Sprint Retrospectives signals the end of a sprint. It is a ‘meeting’ for the scrum team to inspect and adapt what they did in the sprint. As defined by The Scrum Guide, developed and sustained by Scrum creators Ken Schwaber and Jeff Sutherland, the purpose of the sprint retrospective is to:
- Inspect how the last Sprint went with regards to people, relationships, process, and tools;
- Identify and order the major items that went well and potential improvements;
- Create a plan to improve the way the Scrum team does its work.
By my experience, sprint Retrospective meetings tend to be avoided by the Scrum team. And that’s not because they don’t know the benefits these sessions provide. It’s simply because they know how tedious they can be if not led with creativity and energy from the scrum master.
I once witnessed some teams go through the motion of the retrospective. The format of the retrospective has never changed for them, it was typically, “What went well”, “what needs to change”, “Any learnings”. There were no action items from the retrospective. When I asked why this was the case, they told me there was nothing to change!
Does this sound familiar:
- We still have some user stories to finish this sprint;
- I don’t find the meeting impactful;
- There are too many meetings to attend;
- We simply attend all these meetings but no change occurs;
- We have nothing new this sprint, hence nothing to discuss;
Creating an impactful retrospective
Prime Directive: The Prime Directive creates psychological safety for your teams. I call it a just-in-time working agreement. I usually ask one of the team members to read it out and everyone affirms it. It also reassures the team that all conversation that happens stays within the walls of the retrospective, kind like the Vegas rule.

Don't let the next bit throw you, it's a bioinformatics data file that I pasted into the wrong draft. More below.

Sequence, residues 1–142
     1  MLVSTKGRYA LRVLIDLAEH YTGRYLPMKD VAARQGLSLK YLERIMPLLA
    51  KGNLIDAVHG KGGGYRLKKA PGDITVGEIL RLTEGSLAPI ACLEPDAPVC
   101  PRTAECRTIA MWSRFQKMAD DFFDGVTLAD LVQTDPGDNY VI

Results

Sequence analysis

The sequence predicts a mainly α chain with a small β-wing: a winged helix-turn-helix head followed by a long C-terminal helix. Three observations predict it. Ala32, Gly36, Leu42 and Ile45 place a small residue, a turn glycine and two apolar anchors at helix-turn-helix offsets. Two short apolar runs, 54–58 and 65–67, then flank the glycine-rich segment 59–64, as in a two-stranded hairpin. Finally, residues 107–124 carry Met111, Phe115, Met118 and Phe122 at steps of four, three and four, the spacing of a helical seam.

Different Retrospective format: Use Retromat or try the Liberating Structures for different activities to use at your retrospective meetings. If you work with distributed teams, there are several virtual tools to help facilitate a collaborative retro. Explore Fun retrospective, reetro, mural and several others. There are paid and free subscriptions. You might want to try out some of the tools before involving your teams.
Prepare for the retrospective: As a Scrum Master, I often spent the whole of the sprint preparing for the sprint retrospective. I capture significant events and jot down my observations about how the team work together, which is then shared with the team. Also, I check in with the team members and product owner to get their perspective. What have they seen this sprint? What is bothering them? What will they like to change? This habit of mine rubs off on some of the teams that I work with that they when on to create a physical timeline for the team to populate.
Create an agenda: The 5 stages of the retrospective is very helpful when drawing up the agenda. 1.) Set the stage. 2.) Gather data. 3.)Generate insight 4)Decide what to do 5)Close the retrospective. Though I often add one stage- review of last sprint action items as the 2nd step.
Environment: Retrospectives doesn’t have to be within the confinement of the office. Explore, go creative. Treat your team to a game of bowling, if the weather is nice, go outside to the park or go for lunch. Ensure you plan ahead and cater to everyone’s needs.
A well-facilitated retrospectives motivates your team(s) by providing them with the opportunity to speak up, share their ideas, and be heard.
What have you tried with you teams lately? Share your ideas in the comment section below, I love to read from you to.